White Hat Security Research

In August, there are a couple very influential conferences in the area of computer security.  The first is the Black Hat Cybersecurity Conference in  Las Vegas, with the other the USENIX Security Symposium in Washington, DC.   These conferences serve and attract a wide variety of experts in cyber security defense, as well as various white hat hackers and presumably some black hat hackers also.

whitehat

The terms white vs black hats use the old western movie convention to identify the good guys (white) from the bad guys (black) by the color of their  hats.   There is some incredible work being done by white hat experts in academic, government and commercial spaces to help manufacturers identify ways their products can be exploited so that the manufacturers can plug the holes.  These two conferences are two of several that offer these researchers opportunities to present and demonstrate what they have found.

Conferences such as these would normally not get any more press coverage than a few specialized technical publications.  I was a member and participant in USENIX for many years and there was absolutely no interest by the press in our proceedings.  However, since these conferences focus on cyber security, exploits found and presented in these conferences do draw both technical and general press.  After all, it is eye catching to offer the headline  Hackers Crack the iPhone, and AntiVirus Software Won’t Help.     

Before going on, have a look at that Scientific American article because  in spite of the alarmist headline, it’s very good at describing why viruses haven’t been much of a problem with iOS devices and the extreme measures taken to work around the safeguards. They describe two ways researchers have found to inject malware, first to load an app that didn’t get tested or distributed via the Apple App Store.   The other is a special power plugin that exploits a problem in iOS bypassing the security features.

The problem is not the exploits as they could be used in the real world, rather it’s the lack of balance these articles typically exhibit.  I wrote about this a while back in my post about researchers hacking smart TVs.  Yes, researchers were able to take control of a smart TV, but only within the LAN environment of a personal network, not from the Internet.  It’s a real security hole, but not one that is practical for black hat hackers to exploit.  This problem and the two noted by the Scientific American article above are critical for manufacturers to understand and address, but simply not something the average consumer needs to worry about at this time.  Said more generally, these symposia inform manufacturers and IT personnel about important security flaws in their products and service offerings, but rarely offer anything that the average consumer can address nor needs to be concerned about.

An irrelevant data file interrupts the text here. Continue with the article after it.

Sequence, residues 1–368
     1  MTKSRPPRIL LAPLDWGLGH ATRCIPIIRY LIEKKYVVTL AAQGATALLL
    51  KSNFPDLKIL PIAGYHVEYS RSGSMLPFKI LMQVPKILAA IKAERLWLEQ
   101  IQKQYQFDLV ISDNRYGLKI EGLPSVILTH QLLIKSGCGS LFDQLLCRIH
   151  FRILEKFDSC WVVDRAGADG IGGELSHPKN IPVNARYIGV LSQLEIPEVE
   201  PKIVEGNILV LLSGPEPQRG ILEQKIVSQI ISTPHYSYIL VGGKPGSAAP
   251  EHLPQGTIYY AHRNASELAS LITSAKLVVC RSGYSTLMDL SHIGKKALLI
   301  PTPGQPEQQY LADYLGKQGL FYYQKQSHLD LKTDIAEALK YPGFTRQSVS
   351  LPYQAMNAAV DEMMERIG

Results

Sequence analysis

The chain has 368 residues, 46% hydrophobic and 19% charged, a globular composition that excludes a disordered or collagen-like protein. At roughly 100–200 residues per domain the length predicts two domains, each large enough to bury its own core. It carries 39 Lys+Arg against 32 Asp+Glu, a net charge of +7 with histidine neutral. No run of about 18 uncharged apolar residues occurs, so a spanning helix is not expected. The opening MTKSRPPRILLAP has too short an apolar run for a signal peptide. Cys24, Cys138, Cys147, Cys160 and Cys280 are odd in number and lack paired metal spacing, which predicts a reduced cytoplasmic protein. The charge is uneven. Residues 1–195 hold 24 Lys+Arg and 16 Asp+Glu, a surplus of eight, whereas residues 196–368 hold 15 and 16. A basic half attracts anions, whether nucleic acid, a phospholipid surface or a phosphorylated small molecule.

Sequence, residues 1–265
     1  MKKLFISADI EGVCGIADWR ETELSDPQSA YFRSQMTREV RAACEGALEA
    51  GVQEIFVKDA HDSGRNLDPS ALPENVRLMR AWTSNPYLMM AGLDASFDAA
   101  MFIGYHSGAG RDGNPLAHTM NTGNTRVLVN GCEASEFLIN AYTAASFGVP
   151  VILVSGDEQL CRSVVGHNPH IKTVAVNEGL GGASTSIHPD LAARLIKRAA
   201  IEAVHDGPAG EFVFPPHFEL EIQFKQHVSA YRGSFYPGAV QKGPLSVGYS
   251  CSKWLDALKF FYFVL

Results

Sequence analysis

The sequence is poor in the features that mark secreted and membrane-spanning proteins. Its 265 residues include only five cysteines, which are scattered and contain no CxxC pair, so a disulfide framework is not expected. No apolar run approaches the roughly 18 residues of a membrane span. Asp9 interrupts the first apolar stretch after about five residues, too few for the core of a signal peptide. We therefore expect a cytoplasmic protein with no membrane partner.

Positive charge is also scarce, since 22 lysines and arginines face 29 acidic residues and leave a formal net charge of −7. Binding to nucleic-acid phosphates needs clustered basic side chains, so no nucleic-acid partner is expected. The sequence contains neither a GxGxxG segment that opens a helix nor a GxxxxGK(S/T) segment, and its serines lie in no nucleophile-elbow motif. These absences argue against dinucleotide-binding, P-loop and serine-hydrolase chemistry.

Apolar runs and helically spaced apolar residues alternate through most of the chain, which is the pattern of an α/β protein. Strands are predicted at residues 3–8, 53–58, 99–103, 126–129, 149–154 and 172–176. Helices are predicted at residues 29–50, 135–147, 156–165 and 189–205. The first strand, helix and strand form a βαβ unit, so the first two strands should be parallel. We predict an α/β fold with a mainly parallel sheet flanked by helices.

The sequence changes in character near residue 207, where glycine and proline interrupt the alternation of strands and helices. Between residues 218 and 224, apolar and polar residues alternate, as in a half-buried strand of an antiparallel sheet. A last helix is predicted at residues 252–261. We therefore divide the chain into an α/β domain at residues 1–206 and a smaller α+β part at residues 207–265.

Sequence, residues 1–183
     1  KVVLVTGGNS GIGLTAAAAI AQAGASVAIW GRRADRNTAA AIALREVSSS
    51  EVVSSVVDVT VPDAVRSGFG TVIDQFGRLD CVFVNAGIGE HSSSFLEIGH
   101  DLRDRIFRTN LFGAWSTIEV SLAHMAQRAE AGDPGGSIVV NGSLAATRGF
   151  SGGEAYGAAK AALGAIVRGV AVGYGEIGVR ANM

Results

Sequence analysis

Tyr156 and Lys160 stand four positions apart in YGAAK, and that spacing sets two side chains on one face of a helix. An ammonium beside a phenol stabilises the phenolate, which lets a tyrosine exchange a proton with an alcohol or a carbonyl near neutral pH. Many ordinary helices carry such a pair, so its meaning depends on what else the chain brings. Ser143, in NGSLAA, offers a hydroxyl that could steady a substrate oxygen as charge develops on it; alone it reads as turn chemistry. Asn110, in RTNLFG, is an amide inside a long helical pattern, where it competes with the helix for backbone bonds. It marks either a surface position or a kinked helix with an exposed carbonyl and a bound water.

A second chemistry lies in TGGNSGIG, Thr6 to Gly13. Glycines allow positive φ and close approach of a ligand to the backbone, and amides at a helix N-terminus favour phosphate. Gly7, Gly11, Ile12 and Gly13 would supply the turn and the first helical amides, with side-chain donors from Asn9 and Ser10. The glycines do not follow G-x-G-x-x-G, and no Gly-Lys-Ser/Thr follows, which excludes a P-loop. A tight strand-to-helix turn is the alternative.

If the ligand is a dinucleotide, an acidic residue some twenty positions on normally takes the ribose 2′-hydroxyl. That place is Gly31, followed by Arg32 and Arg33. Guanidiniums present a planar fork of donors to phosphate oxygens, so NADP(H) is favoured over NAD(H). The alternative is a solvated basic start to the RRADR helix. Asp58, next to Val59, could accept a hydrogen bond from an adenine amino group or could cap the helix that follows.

OK wait a minute, on one hand you state that these issues are critical, but on the other hand you are saying don’t worry about it?  Which is it?

The issue is critical in that it’s a real security hole that needs to be repaired because though researchers exploited it using non-practical methods, it is likely that someone will figure out how to do it in a manner could mainstream the exploit.  The normal consumer doesn’t need to worry about it because by the time someone figures out how to make it mainstream, the issue will likely be addressed.   Most mainstream security problems are already being exploited or will be without being demonstrated at a conference.

So, the best way to protect your smart phone, tablet and computer is to follow best practices:

  • Be sure your software is up-to-date.  Most exploits occur on systems that are not running the latest software.
  • If you’re running older versions of Windows than Windows 8, be sure to be running anti-virus software.  Even with Windows 8, it’s not a bad idea to use anti-virus software.
  • For devices, use the appropriate app store.  The idea is that the app is tested and approved by the app store prior to download.  It’s not perfect, but has been pretty reliable especially with Apple’s App Store.
  • Keep physical control of your devices, devices and networks.  It’s significantly easier to exploit issues if a bad guy has access.   Never let anyone you don’t trust completely have complete access.  For WIFI, use a guest account.  Same with your computer.  Don’t let them have access to your devices.
  • Never install software that you didn’t explicitly request.   Also, only load software from reputable sites.
  • Updates are a little more problematic since they are typically automatic or semi-automatic.  OS updates are fine to be automatic (in fact, preferred).  For App Store updates, they are fine also.  For computer apps, if you get a notice of update being available and you’re not sure, cancel, then open the application and manually look for an update.  In Windows, this will likely be in the application HELP tab, on Macs, it will be in the pull down with the application name.  A fake Adobe Flash update was the method for installing malware on Macs a while back.

1 Comment

  1. Joe

    Greg, as always an interesting commentary. I was particularly interested in your comment about bogus Adobe upgrade notices for Mac’s. Thanks. Joe

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